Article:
As I read contemporary criticisms of the Reinheitsgebot (and, believe me, there is a ton of criticism), I’m struck by how the majority tend to anachronistically project modern prejudices, sensibilities, and beliefs in analyzing the law.  In order to avoid this pitfall, it’s instructive to take a look at the medieval context out of which the decree arose.

The Reinheitsgebot of 1516 entered the scene at the tail end of a dramatic transition in the history of brewing in Europe.  Prior to the 13th century, the main producers of beer in Germany were religious orders who brewed for local consumption.  The emergence of large-scale commercial economies starting in the 1200s meant that beer production began moving from the monastery to the private commercial brewer.  Unfortunately, that transition was not always smooth.  The traditional brewing methods that had been passed down through generations of monks were often neglected (or just plain ignored) to the detriment of beer quality.

Regional differences also played a huge part in the commercial growth of beer in the late Middle Ages.  In northern Germany, where the commercial revolution was most evident, powerful guilds managed to create strict regulatory controls on the production of beer.  In addition, the guilds ensured that good craftsmanship in brewing were well promoted.  For these reasons, the best beer in Europe in the 14th century was coming from northern Germany.  The situation was much different in southern Germany where the feudal aristocracy retained more control over economic activities including brewing.  The feudal lords were slower in adapting to the new commercial realities, which resulted in a lack of competition from southern brewers.

Nowadays we tend to take for granted modern food safety regulations.  We simply assume that no matter what beer we purchase it will be, in the most literal sense of the word, drinkable.  Such was not always the case during the commercial revolution of the late Medieval period.  Aside from various spices that were frequently used to preserve beer like rosemary, caraway, or juniper, more nefarious ingredients were utilized in an attempt to cover up off-flavors.  Cheap fillers such as chalk, soot, and even hard-boiled eggs were thrown into the wort making beer drinking an unpleasant, and sometimes even dangerous, proposition.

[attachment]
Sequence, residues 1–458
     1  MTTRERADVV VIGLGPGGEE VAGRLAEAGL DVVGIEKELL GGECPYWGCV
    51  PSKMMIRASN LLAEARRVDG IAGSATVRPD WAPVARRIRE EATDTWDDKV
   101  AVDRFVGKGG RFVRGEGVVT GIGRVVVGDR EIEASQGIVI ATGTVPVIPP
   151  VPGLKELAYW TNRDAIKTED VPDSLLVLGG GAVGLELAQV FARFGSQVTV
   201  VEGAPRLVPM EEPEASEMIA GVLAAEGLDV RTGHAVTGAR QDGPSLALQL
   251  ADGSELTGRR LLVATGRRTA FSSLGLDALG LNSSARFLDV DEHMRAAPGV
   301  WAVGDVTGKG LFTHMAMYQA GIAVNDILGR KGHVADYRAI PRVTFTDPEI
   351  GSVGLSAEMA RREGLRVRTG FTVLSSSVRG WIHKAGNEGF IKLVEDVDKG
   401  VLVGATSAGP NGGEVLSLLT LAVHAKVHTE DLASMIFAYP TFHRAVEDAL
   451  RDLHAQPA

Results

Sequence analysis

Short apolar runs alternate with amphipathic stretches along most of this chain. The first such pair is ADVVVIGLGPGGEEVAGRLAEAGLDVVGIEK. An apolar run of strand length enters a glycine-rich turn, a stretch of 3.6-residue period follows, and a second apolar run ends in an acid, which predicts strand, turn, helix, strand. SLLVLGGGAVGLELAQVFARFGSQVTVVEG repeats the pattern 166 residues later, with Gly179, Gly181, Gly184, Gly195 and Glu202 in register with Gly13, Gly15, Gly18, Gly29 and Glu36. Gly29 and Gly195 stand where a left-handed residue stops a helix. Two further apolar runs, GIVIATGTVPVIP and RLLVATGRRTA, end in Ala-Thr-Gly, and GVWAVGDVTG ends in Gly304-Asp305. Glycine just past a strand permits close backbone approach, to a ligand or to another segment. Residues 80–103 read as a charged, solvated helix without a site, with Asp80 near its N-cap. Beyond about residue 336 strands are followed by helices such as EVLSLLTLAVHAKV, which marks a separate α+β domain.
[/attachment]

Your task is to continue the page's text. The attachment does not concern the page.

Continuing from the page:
In response to these conditions, local lord and city councils all over Germany began passing ordinances in an attempt to regulate the type of ingredients used in brewing.  The earliest known regulation was issued in 1156 by Emperor Frederick Barbarossa in his legal code declaring that ” any brewer making bad beer or using unjust measures shall be punished.  Offenders shall have their beer destroyed or it shall be distributed to the poor.”  In attempt to improve their beer quality, the city of Nürnberg in 1293 issued a decree limiting ingredients as well as setting a minimum lagering time.  The city followed this decree with strict enforcement, which resulted in the situation where, by the 15th century, Nürnberg was known for good beer.

Let’s not kid ourselves though.  The lords and city officials of medieval Germany weren’t necessarily working altruistically for the common good.  These regulations were economically motivated.  As southern Germany lagged behind the north in terms of beer quality and production, the beer business in southern principalities floundered.  People wanted the northern variety, creating a situation where exports from the north began displacing local production.  This lack of competition from southern brewers had a tremendous impact on the taxes and duties the princes were able to collect.  The math was simple:  good beer equals full coffers.

The Dukes of Bavaria knew they had to do something in order to compete against the flood of quality beer from the north.  By the mid-15th century, there were only 30 breweries in Munich, which is miniscule compared to the hundred or so that filled the small town of Einbeck in the north.  So, in 1447, the Munich city council ordered that only water, barley, and hops be used in the beer brewing in that city.  It was this ordinance that provided Duke Wilhelm IV and his brother and co-ruler Duke Ludwig X the pattern for what would become the Reinheitsgebot.  On April 23, 1516, the legislative assembly of Bavaria meeting in Ingolstadt passed the law at the behest of the brothers.